7 Ruthless Decluttering Truths You Only Learn When You Move
You only learn these organizing lessons the hard way.
For most of us, the accumulation of clutter is a natural part of nesting. We stock up on spare throw blankets (because you just never know when you'll need one), and collect clothes that don't fit us (but may one day?), and hoard kitchen appliances we've never taken out of the box (since we've always dreamed of making homemade pasta). The stuff collects, the piles grow—until one day, it's time to move. And panic strikes.
As difficult as decluttering and letting go can be (we see you, Marie Kondo), there's something about the prospect of packing up and hauling every single item you own that suddenly makes you willing to give things up. Combine that with a time constraint (aka, the movers are arriving at 2 p.m.), and the urgency the situation creates makes it easier than ever to determine which items to keep and which to ditch.
As a renter who lives in Brooklyn, the prospect of moving is always looming in the not-so-distant future. Yet when I moved apartments earlier this fall, I was surprised to discover just how much I had collected in three and a half short years. Tearing through my closet, the kitchen, and my stash of bedding, I (finally) learned how to be a harsh declutterer. Here are the organizing secrets you only learn when you move often enough, but that we can try to emulate even if we're staying put.
Don't Keep Clothes You Don't Wear
It sounds so obvious, right? And yet most of us hang onto a skirt that hasn't fit us in years and a sweater we bought on sale yet never really liked. When you move and are packing up each garment one by one, it makes it easier to be honest with yourself. To get the same effect, create a pile of all of your clothing, then go through them one at a time. In addition to the common decluttering questions ("Does this spark joy?") ask: Would I take this with me if I were moving? If it doesn't fit, you never put it on, or it serves no purpose, it's time to donate it to someone who will actually wear it.
Stop Storing Appliances You Don't Use
For me, this lesson arrived in the form of a handheld immersion blender from circa 2013, still in the box. I had aspirations of whipping up butternut squash soup, but in the years that followed, the dream just never materialized. Was it worth lugging this appliance to yet another apartment?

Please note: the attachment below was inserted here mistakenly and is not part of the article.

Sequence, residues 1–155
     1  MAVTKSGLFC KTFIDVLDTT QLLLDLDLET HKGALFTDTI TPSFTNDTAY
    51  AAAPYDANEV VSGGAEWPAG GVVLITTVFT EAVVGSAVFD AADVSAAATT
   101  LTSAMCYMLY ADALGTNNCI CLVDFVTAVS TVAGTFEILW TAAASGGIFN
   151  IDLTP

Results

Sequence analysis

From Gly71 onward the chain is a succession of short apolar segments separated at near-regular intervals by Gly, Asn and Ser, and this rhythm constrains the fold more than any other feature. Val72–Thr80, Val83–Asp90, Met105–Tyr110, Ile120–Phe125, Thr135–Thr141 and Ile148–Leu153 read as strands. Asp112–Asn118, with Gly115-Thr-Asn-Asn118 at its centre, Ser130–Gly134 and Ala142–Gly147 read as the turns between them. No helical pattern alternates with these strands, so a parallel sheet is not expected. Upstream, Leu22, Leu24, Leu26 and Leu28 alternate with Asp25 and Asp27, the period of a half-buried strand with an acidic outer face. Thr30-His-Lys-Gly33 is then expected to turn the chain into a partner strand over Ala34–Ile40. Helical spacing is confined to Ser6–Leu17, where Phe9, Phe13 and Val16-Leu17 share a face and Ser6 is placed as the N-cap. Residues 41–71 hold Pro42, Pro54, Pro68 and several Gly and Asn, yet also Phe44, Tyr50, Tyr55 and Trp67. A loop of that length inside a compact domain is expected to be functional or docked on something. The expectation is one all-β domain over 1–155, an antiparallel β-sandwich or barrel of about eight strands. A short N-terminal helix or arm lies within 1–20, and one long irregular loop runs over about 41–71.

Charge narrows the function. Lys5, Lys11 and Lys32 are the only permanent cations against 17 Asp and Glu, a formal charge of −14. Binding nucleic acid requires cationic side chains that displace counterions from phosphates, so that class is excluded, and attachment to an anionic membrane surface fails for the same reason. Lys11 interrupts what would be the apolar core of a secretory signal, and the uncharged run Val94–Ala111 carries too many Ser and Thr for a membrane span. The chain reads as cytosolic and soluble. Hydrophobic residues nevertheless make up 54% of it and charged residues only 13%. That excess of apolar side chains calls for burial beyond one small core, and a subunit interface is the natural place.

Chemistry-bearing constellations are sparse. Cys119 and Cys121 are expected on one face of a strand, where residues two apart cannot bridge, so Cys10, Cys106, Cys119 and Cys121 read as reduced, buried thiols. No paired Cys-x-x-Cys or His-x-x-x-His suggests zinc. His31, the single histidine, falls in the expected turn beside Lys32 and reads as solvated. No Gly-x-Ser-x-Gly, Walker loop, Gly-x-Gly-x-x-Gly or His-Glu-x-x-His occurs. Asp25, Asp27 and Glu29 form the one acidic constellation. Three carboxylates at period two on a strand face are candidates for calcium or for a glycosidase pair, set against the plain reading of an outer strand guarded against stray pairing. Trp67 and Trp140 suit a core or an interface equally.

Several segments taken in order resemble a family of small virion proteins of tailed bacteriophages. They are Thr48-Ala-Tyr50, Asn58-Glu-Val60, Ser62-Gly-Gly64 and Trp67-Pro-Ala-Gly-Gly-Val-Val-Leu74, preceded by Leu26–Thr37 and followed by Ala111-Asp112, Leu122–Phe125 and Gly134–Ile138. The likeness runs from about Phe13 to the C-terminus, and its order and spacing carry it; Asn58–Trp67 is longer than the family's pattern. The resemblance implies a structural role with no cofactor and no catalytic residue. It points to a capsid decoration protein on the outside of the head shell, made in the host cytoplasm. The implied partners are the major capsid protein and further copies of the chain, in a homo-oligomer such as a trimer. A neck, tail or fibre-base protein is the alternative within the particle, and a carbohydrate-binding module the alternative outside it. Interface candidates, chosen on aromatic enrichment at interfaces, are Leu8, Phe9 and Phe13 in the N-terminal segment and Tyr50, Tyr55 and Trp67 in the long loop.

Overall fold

Take a look around your kitchen—is there anything you wouldn't take with you if you were to move next month? Perhaps a coffee maker, a bread machine, or a vegetable spiralizer you haven't touched in years? Giving away these items will free up valuable kitchen cabinet space.
Corral That Mess of Cords
There may be a bin, basket, or drawer lurking somewhere in your home that's hiding a jumble of cords. Phone chargers, HDMI cables, plug adapters all live here. When you move, you suddenly have to piece the cords together. Why wait until your next move? Take all of the cords and cables, and match them up with the tech device or appliance. Consider investing in a set of labels so they'll be easier to identify in the future. Then, let go of the charger for that old iPhone you no longer own.
Check Your Towels
When you use them every day, it's easy not to notice how dingy your bath towels have gotten. But when you move, you suddenly take stock of those home essentials. If your white towels have gotten dingy, a wash with bleach may do the trick. But if they have holes or are badly frayed, it may be time to donate or recycle your old towels and invest in a fresh set.
Take Note of Your Tchotchkes
Once you've lived with them for long enough, there are those decorative touches in your home that you simply no longer notice. Think flower vases, porcelain collectibles, sculptural objects, picture frames. Take some time to actually look at the items on your shelves and side tables. Would you pack them up if you were to move? Once you've curated your collection, consider relocating them to another area of the room or try a fresh arrangement.
Stop Stashing Duplicates
Do you really need four plungers, three garlic presses, and two staplers? Probably not. But these are the types of redundancies we generally only discover when we're packing up our homes. Start taking note of the unnecessary duplicates around your home and select just the best to keep. Bonus: taking stock in this way can help you avoid buying another item you don't need.
Peruse That Paper Pile
We all put it off for as long as possible, but once it's time to move, we must come face to face with that towering pile of mail, bills, catalogs, and coupons. To break it down, quickly sort into categories: important papers (bills, tax documents, etc.), to recycle (flyers and catalogs), to keep (the best of your kids' artwork and those wedding invites). Once you've sorted out the recycling, the pile will feel much more manageable.
To reduce the paper pile-up in the future, see if you can switch to online banking, emailed medical bills, and unsubscribe from catalogs at DMAChoice.org.